I've been looking for ways to collect information about the replication delays on MySql 8. I found an alternative solution, but I imagine there's a more straightforward way to do that.
By reading its reference manual, I found out that I could get useful information in the performance_schema database. When I look into the table replication_connection_status on the Slave server I can find the following information, among others:
- When the original Master commited the transaction (LAST_QUEUED_TRANSACTION_ORIGINAL_COMMIT_TIMESTAMP)
- When the immediate Master commited the transaction (LAST_QUEUED_TRANSACTION_IMMEDIATE_COMMIT_TIMESTAMP).
- When the Slave started and finished to write the updates in its relay log (LAST_QUEUED_TRANSACTION_START_QUEUE_TIMESTAMP, LAST_QUEUED_TRANSACTION_END_QUEUE_TIMESTAMP).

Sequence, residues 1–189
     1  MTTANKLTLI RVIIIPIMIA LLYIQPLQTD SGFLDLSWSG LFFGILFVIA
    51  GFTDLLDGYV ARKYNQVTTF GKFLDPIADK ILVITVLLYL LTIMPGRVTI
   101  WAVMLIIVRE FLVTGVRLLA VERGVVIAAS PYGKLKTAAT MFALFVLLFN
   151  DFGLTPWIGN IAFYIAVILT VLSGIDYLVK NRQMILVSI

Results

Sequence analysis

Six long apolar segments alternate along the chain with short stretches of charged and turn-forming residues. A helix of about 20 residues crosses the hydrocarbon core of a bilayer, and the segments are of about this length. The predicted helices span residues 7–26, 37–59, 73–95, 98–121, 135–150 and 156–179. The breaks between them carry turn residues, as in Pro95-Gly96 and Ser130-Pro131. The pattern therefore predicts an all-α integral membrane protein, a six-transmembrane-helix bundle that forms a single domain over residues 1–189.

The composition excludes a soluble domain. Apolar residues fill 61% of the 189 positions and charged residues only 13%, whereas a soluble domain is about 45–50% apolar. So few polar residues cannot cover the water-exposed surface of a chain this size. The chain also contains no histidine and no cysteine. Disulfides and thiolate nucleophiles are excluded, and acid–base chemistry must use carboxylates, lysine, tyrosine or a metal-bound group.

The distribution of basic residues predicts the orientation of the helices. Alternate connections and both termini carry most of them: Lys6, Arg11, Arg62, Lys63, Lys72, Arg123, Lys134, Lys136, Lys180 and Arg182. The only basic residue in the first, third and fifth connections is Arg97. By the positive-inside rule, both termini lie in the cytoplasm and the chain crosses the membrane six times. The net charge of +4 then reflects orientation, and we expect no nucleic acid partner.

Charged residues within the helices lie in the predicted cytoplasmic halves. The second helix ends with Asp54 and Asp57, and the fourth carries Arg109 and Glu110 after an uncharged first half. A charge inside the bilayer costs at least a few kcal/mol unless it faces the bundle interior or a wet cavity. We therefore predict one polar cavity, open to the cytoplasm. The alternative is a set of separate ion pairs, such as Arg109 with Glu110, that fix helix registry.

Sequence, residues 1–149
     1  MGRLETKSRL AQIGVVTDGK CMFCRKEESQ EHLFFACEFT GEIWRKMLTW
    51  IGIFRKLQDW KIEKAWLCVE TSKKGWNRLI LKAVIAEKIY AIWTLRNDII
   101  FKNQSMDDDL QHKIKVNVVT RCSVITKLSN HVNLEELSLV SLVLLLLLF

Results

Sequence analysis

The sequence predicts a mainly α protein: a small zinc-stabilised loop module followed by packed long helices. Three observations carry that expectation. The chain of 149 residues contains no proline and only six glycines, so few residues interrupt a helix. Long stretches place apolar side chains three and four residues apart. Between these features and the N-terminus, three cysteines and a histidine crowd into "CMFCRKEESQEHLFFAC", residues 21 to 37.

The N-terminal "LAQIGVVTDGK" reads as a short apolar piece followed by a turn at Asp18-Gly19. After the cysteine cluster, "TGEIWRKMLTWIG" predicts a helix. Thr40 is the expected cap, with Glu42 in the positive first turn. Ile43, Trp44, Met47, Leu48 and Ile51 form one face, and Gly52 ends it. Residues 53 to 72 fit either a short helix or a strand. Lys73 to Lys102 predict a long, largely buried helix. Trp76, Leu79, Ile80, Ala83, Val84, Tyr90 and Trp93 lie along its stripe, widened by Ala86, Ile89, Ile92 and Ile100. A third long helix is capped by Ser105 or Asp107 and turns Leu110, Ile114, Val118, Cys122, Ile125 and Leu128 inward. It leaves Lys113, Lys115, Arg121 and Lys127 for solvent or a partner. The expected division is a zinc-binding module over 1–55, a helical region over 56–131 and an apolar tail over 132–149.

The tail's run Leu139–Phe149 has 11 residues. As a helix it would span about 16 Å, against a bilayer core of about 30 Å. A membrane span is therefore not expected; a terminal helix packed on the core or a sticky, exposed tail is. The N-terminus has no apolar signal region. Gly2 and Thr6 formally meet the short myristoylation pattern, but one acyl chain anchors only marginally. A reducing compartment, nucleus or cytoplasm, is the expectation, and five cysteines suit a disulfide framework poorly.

But it lacks the information about when the transaction was commited on this Slave server.
The alternative solution: Perform replication of these updates, from the Slave server to a third server (its master would be the Slave we're trying to get this info from), and then looking the column LAST_QUEUED_TRANSACTION_IMMEDIATE_COMMIT_TIMESTAMP on the third server, which would be when the main Slave server has commited the transaction.
A possible solution: The table events_transactions_history may contain the time where the transaction ended, but the time format is confusing. According to 2:
The timer baseline (“time zero”) occurs at Performance Schema initialization during server startup. TIMER_START and TIMER_END values in events represent picoseconds since the baseline. TIMER_WAIT values are durations in picoseconds.
I have no idea of how to know what this "time zero" would be exactly, all we're given is that it occurs during server startup, but how could I get this exact time?
And of course, if there's an easier solution that I've missed, let me know.